What is dyslexia?
Numerical version of dyslexia, also called dyscalculia, is a condition in which a person has difficulty perceiving and processing mathematics and equations. Someone with number dyslexia may transpose numbers or confuse symbols such as + or X. Other signs of dyscalculia may include difficulty counting time on analog clocks, learning to count, or measuring or weighing objects.
The condition can be diagnosed by a teacher or professional who specializes in learning problems. To diagnose number dyslexia, a person can assess how the student is processing basic skills such as counting or doing simple equations such as addition and multiplication. A professional may also examine a student’s ability to measure items, both physical and abstract, such as passing minutes. To make a diagnosis, the student’s actual ability
is compared to the expected ability for her age or level of education.
Numerical dyslexia manifests itself differently depending on the age of the student. A very young child may struggle to learn how to count or understand the relationship between numbers and objects. For example, a 3-year-old may not understand what “three candies” means. Preschoolers and very young children with dyscalculia may also struggle to make logical connections between objects. For example, they may have difficulty grouping red objects or cone-shaped objects.
When a child with number dyslexia gets older, he or she is likely to have difficulty understanding basic math or fixing math facts such as addition, subtraction, or multiplication in memory. Learning the meaning of math words such as multiplication is difficult for an older student with dyscalculia. Measuring and solving problems is also a problem. It might help: https://argoprep.com/blog/k8/abacus/.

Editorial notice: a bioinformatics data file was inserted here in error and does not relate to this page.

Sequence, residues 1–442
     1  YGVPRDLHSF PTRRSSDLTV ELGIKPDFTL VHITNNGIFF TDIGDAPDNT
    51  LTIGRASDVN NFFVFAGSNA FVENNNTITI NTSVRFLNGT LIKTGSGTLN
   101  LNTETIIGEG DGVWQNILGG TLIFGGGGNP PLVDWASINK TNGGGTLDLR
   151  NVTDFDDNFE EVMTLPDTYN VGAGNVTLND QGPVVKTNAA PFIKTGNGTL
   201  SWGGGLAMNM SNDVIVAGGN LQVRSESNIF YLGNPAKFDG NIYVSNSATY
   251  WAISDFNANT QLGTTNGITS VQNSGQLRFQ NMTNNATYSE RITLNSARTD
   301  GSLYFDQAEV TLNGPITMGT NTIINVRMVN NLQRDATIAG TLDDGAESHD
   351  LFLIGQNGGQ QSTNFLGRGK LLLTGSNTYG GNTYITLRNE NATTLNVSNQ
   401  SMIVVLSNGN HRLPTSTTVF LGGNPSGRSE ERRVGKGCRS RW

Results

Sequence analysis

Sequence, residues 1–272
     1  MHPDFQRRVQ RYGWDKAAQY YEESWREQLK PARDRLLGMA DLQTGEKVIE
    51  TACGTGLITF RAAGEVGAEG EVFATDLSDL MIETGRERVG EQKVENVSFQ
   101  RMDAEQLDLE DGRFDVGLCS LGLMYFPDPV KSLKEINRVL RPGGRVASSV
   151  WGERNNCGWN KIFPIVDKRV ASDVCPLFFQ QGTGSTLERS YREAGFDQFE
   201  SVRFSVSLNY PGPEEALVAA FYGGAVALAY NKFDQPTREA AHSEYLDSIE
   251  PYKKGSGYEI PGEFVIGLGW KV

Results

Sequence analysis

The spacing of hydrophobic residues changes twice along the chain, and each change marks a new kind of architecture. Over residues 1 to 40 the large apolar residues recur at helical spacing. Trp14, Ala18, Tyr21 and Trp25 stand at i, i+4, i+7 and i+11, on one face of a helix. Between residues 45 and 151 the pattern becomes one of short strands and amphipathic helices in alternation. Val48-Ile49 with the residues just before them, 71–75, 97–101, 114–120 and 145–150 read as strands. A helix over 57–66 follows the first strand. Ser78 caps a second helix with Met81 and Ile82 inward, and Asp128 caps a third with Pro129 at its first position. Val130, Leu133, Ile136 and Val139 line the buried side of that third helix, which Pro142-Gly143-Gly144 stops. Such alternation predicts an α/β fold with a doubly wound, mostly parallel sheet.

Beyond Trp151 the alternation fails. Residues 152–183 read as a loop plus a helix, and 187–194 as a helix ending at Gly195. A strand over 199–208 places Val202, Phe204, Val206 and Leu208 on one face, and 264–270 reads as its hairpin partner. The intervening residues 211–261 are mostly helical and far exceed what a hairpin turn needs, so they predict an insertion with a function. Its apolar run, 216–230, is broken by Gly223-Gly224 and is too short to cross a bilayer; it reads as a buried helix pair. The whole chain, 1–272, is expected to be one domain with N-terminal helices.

Adults with this condition have some difficulty with everyday tasks. An adult with dyslexia may have difficulty estimating the cost of a meal or a trip to the grocery store before she gets to the check-out line. Sticking to a budget or balancing a checkbook is also a struggle. An adult with dyscalculia may have trouble getting to places on schedule or figuring out how long it will take to complete a task.
This condition can be treated if the student has strengths and weaknesses. Because people with dyscalculia usually struggle to understand abstract concepts such as time, many benefit primarily from focusing on specific objects, such as measuring distance rather than measuring minutes. People who struggle to understand concepts benefit from full explanations of those concepts and from questions that arise any time they encounter difficulties.